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What Are They Worth? Part 2: Prince Fielder

Brewers fans may not want to read this one, nor fans of the team who is going to sign Prince. You're probably not going to enjoy what I'm going to say here.

As I did last time, I will be looking at first how much Prince is worth, and how much he is going to get.

So how much is Prince Fielder worth, right now? First, it is probably important to note that he is not, in fact, as good as many believe. Don't get me wrong, the guy rakes: three seasons of a 157 or better OPS+, and he's a pretty consistent threat to get on base 40% of the time while pushing 40 home runs with a healthy average. His value is bogged down, however, by all of the things you would expect: he is a big guy (listed at 5'11", 275), and this negatively affects all aspects of his game. He is a terrible fielder, averaging -8 rtot since 2006, and he's even worse as a baserunner. Nobody would be surprised to hear that since 2006 he has an average baserunning value of -5.

Fielder's last three years have produced WARs of 6.1, 2.7, and 5.2, an average of 4.7. UZR has been more kind to Fielder, and as a result his FanGraphs WAR since 2009 is an average of 5.1. I don't mean to take anything away from Fielder, because the dude can hit; but it becomes apparent once you look past the hitting numbers that the guy isn't really an MVP-type, but more of an All-Star type -- not that there's anything wrong with that.

For our purposes here, let's say that Fielder is a 5.0 WAR player. Considering he's only had two seasons above 3.8, that might even be high, but he's more likely to get paid for what he is capable of, so we'll use 5.

The obvious issue with Fielder is his body type. Fielder is a big guy -- like, really big. He has easily the worst body in MLB right now, and big guys don't age well; that's just a fact. For every David Ortiz there's a Mo Vaughn. For every Jim Thome there's an Adam Dunn. Nobody who discusses Fielder can do so without mentioning that body. It is almost certain that he will not
hold up as long as another player of that value type who is in shape.

Ryan Campbell of FanGraphs recently did a study of guys he considered 'heavy' (3.25 pounds per inch of height) versus the average, and found some pretty striking results:

Heavy guys do, in fact, age noticeably worse. To put the chart into simple numbers, here are the ages 27-34 for a heavy player, with 1.0 representing full, peak value, and the other numbers representing a portion of that:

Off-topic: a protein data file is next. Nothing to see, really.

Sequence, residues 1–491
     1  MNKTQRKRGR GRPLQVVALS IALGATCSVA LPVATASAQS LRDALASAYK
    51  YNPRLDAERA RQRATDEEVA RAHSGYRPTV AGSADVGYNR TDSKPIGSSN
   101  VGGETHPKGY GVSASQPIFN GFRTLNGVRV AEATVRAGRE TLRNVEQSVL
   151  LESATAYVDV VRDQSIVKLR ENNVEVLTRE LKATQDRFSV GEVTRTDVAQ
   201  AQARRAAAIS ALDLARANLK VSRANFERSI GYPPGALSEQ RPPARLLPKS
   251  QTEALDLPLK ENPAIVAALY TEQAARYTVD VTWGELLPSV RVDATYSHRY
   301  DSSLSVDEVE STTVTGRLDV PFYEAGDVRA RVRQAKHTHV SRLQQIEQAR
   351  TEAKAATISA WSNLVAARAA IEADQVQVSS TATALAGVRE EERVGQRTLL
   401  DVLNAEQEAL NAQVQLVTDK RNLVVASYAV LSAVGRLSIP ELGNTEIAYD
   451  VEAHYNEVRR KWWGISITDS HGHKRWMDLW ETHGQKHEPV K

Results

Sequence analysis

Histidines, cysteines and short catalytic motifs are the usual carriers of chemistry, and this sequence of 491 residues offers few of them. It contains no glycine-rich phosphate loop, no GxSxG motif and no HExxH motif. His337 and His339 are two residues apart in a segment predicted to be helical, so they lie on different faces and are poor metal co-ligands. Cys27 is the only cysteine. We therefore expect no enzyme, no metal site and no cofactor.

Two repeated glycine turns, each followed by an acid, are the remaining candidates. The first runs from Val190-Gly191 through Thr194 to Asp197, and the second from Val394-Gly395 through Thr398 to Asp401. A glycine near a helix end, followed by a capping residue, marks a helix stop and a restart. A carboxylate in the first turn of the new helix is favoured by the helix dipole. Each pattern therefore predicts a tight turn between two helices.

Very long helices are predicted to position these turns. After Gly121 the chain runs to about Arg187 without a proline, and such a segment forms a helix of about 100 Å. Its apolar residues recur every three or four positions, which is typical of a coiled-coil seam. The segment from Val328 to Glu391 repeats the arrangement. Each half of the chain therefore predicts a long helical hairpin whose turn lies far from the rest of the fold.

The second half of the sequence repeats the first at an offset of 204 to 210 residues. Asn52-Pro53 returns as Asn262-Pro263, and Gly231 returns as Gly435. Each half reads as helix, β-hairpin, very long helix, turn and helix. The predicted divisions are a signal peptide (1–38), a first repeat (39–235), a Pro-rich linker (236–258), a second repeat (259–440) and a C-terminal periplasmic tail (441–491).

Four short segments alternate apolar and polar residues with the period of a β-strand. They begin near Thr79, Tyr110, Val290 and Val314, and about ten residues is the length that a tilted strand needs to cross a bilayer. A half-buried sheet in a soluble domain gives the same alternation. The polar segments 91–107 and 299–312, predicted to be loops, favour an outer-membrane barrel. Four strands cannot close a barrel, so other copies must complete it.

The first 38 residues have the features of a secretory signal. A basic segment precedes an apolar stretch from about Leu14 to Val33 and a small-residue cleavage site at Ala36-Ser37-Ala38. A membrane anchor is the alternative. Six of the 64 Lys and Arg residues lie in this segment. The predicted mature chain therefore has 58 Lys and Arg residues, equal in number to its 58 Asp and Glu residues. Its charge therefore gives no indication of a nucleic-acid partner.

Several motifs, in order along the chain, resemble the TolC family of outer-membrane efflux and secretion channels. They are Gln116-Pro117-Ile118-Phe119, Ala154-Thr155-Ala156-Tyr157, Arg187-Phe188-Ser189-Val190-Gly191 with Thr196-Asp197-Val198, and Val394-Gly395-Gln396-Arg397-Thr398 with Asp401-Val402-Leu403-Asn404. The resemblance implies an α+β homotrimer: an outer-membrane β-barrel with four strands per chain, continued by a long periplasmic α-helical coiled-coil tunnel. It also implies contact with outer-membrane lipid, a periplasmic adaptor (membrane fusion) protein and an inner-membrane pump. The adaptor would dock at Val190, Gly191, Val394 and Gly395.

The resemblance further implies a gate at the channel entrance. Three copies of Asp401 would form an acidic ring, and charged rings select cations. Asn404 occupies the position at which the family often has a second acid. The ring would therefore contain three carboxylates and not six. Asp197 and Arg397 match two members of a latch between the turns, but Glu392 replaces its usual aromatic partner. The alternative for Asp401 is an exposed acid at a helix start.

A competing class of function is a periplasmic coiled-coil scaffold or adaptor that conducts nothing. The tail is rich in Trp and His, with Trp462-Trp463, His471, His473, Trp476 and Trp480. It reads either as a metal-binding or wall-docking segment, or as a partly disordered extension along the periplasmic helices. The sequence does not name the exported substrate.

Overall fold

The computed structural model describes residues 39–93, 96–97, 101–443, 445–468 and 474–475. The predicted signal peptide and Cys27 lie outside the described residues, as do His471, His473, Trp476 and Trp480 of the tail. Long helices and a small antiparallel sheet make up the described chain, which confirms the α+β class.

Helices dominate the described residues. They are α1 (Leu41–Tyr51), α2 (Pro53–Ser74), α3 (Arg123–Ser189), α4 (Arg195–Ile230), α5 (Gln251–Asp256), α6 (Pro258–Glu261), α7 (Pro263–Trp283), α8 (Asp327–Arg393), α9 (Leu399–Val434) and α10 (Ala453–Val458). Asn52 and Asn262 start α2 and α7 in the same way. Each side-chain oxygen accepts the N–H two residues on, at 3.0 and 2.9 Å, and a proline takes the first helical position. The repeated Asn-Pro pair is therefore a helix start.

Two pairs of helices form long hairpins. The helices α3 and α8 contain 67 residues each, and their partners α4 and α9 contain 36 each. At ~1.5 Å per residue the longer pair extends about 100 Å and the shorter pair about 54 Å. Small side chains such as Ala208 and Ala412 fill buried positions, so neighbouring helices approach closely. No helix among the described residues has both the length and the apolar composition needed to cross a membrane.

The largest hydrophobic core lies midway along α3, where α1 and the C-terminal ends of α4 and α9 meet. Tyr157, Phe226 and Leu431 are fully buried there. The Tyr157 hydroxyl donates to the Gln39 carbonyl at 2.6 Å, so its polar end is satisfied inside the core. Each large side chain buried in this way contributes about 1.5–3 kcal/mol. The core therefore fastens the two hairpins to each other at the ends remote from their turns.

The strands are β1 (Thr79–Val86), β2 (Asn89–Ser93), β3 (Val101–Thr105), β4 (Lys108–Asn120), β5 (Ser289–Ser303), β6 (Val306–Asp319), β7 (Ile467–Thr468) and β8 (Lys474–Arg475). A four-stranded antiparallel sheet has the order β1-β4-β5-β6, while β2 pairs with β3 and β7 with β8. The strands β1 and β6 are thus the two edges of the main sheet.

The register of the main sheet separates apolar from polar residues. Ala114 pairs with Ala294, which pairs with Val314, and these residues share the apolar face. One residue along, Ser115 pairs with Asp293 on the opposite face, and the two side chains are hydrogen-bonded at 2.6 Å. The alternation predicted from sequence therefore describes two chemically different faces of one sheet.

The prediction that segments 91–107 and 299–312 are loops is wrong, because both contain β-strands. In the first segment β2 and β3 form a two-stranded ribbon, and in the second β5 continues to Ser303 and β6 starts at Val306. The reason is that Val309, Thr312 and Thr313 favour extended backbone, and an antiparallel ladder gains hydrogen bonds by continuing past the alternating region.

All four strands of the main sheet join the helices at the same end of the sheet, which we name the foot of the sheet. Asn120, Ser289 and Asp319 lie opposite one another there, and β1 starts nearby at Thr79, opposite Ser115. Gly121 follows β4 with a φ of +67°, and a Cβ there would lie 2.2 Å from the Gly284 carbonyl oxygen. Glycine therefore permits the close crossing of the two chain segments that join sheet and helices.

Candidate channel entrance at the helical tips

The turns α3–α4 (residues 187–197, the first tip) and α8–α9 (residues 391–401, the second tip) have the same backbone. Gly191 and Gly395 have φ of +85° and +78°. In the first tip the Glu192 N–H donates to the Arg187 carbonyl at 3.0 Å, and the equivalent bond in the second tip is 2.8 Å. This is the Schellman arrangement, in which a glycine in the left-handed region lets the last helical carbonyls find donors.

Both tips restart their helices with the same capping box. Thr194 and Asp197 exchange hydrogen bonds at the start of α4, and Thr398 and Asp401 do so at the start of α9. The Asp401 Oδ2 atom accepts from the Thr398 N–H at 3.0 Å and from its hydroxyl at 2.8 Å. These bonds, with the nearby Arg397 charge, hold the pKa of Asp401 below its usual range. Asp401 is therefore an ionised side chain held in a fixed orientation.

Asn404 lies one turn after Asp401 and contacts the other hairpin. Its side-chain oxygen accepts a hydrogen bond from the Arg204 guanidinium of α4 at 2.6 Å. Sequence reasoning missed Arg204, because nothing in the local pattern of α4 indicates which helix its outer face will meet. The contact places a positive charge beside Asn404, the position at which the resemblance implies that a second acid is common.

27: 1.0
28: 0.95
29: 0.90
30: 0.83
31: 0.85
32: 0.73
33: 0.56
34: 0.38

As you can see, the aging curve on heavy players is brutal. If we apply that to Fielder right now, his projected value in the next seven years is going to look like:

27: 5.0
28: 4.8
29: 4.5
30: 4.2
31: 4.3
32: 3.7
33: 2.8
34: 1.9

By the time Fielder turns 35, he won't even be an average player anymore, at least according to the average aging trend for players of his body type. And, keep in mind, that his 'body type' is actually much worse than most in that sample. 3.25 lbs per inch of height would make a 6' player weigh 235 pounds: Fielder is listed at 5'11" and 275, and he could even be shorter and heavier than those figures.

Most industry pundits have Fielder getting a six-year deal, though Fielder's agent is Scott Boras, so he'll likely get... six years. Using the above data, in the next six years, Fielder can be projected to amass (fat joke) 24.3 WAR over that span. At $5 MM per win, that's $121.5 MM that he is worth as far as signing him, or an average annual value (AAV) of $20.25 MM.

What is he going to get, though?

Three years ago, the Yankees and Red Sox got into a bidding war for Mark Teixeira. The Yankees ended up winning, and gave Teixeira $180 MM over eight years, an AAV of $22.5. While Teixeira was a better player then that Fielder is now, he was two years older, and this was several years ago, so don't be surprised to see Fielder take anywhere from $23 MM to $25 MM per year. Probably the most cut and dry, easiest contract Fielder could take could be six years and $150 MM. If this happens, a team that signs Fielder would be throwing away approximately $30 MM.

Even more striking is the potential that a team could sign Fielder for seven, or even eight years, with a payout as high as $160 MM - $180 MM. If Fielder plays out to the average big guy projections, he will essentially be done providing value after six years, so a team investing that heavily in Fielder could be in to lose some $50 MM. Tread carefully, Washington.

So there you have it. According to average trends (and keep in mind that Fielder will almost certainly either exceed these or fall short of them; but I wish to reiterate that he is as likely to do one as the other), the value that Fielder can be expected to produce warrants $121.5 MM over the next six years. Anything more than that, in either years or dollars, is a significant risk for the team, and this is something that needs to be taken into account before anything is decided with Prince.

Expected length of contract: six years
Projected value for those years: $121.5 million
Expected salary for those years: $150 million


What Are They Worth? Part 1: Albert Pujols



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